B752, vicinity Atlanta GA USA, 2011
B752, vicinity Atlanta GA USA, 2011
On 11 March 2011, a Delta AL Boeing 757 departed Atlanta GA with no secondary radar indication visible to ATC and also failed to make contact with departure radar after accepting the frequency transfer instruction. During the eight minutes out of radio contact, it successively lost separation against two light aircraft and another passenger aircraft as it followed the cleared RNAV departure routing for eight minutes until the crew queried further climb on the TWR frequency and were invited to select their transponder on and contact the correct frequency.
On 11 March 2011, a Boeing 757 being operated by Delta on a scheduled passenger flight from Atlanta to New York La Guardia failed to make the acknowledged frequency change after take off and was also not showing an SSR squawk. Contact was eventually established when the flight crew queried being held at FL100 on the TWR frequency they had previously acknowledged and it became apparent that they had failed to select their transponder from SBY (stand by) prior to take off. The Incident occurred in day Visual Meteorological Conditions (VMC).
An Investigation was carried out by the National Transportation Safety Board (USA) (NTSB) using recorded ATC data, interviews with ATC personnel and statements from the pilots involved.
It was found that the First Officer, who had been designated PM, had omitted the action to set the transponder to TA/RA as required in the Operations Manual once the flight had been cleared for pushback or engine start and then omitted the item from the Checklist without the aircraft commander noticing. After take off from runway 27R, the PM had acknowledged the frequency change to TRACON given by TWR but taken no action on it. The RNAV SID was followed as cleared and when, some eight minutes later, the aircraft commander asked ATC if they could expect climb above FL100, it became apparent that they were still on the TWR frequency. The position of the aircraft when eventually positively identified was 20 miles east of the airport, having flown the left hand turn and subsequently established on a north-easterly track required by the SID.
The flight crew indicated that they believed that the failure to set the transponder may have been a consequence of the relatively abnormal requirement to start engines on the parking gate because of an inoperative APU air system. The crew noted that they had been routinely monitoring 121.5 on the second radio box throughout the episode.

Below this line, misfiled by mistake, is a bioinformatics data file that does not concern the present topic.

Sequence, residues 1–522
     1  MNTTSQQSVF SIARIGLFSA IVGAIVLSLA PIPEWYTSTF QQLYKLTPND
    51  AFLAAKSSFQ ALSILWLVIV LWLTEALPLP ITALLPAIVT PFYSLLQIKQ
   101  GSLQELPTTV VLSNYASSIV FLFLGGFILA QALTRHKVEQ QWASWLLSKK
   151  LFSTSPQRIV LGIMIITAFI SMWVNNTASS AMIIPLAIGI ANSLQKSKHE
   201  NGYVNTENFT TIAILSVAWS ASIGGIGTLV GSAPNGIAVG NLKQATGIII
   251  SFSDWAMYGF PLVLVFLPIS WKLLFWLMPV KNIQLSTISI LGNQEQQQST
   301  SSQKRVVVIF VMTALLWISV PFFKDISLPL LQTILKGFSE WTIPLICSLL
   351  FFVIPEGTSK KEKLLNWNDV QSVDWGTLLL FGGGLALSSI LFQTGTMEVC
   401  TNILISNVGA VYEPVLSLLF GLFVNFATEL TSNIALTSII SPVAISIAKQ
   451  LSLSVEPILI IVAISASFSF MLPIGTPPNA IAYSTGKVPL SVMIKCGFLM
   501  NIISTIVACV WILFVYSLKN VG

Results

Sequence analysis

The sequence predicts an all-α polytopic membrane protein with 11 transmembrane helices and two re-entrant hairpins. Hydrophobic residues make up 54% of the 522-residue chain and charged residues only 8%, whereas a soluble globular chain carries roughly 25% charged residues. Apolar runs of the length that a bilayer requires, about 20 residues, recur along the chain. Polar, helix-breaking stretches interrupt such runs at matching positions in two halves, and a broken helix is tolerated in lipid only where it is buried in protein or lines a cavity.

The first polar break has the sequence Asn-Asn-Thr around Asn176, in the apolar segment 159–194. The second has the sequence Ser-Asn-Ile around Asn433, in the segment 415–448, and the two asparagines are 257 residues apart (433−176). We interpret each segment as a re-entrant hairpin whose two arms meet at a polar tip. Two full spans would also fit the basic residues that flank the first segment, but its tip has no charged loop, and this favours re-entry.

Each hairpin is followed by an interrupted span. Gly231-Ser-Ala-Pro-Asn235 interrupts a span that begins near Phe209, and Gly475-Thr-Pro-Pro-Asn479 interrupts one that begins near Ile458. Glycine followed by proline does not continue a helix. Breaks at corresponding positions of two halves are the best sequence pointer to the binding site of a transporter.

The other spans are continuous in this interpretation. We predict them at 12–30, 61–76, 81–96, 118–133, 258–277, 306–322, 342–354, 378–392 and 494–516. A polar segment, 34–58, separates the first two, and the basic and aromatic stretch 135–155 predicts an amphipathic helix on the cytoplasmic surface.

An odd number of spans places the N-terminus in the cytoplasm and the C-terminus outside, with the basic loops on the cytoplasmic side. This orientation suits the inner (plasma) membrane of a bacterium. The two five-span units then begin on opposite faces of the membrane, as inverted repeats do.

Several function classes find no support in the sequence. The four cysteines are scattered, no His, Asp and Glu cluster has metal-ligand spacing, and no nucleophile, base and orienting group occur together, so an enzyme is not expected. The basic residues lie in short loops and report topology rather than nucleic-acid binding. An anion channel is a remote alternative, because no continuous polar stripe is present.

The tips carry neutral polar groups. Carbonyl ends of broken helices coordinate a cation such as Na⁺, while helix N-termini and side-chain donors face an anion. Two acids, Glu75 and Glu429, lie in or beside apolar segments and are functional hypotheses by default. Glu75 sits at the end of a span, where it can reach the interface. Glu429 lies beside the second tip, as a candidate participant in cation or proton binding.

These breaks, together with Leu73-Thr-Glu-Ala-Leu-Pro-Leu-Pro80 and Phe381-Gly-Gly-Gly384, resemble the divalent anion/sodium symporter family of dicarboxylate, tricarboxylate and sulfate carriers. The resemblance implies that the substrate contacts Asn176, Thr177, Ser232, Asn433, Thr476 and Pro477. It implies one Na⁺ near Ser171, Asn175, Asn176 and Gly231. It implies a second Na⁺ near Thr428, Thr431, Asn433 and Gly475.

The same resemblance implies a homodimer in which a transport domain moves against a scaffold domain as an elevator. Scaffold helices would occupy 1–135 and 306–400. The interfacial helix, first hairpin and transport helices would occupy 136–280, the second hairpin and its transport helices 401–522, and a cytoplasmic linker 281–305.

It was established that TWR controllers were expected to routinely verify transponder squawk transmission but that the controller involved had not done this and believed that this may have been because his attention had been briefly diverted to another operational matter. It was noted that the extant LoA between the TWR and the TRACON included a requirement for TWR to verify the auto acquisition of the (SSR) data tag within five miles of the departure end of the runway. It was also noted that the expectation of TWR ATC was that when an aircraft was transferred to the departure frequency it would usually contact that frequency by the first fix on the RNAV route. In the opinion of the TWR supervisor on duty at the time of the Incident, failure of the SSR tag to appear occurred "fairly often” although this could occur for a number of different reasons.
A review of the primary radar data for the period when the aircraft was effectively out of contact with ATC in busy terminal airspace found that prescribed separation had been lost successively against three other aircraft, a Beech 55 (1.44miles), a Pilatus PC12 (0.81 miles) and an Atlantic Southeast Airlines CRJ-100 inbound to Atlanta on a scheduled passenger flight.
The Probable Cause of the event was determined as "the air traffic controllers’ failure to adhere to required radar identification procedures, which resulted in loss of separation between the departing Boeing 757 and three other airplanes”.
A Contributory Factor was identified as “the pilots’ inadequate preflight checks, which resulted in the airplane departing with an inoperative transponder.”
The Final Report of the Investigation was published on 7 August 2012. No Safety Recommendations were made.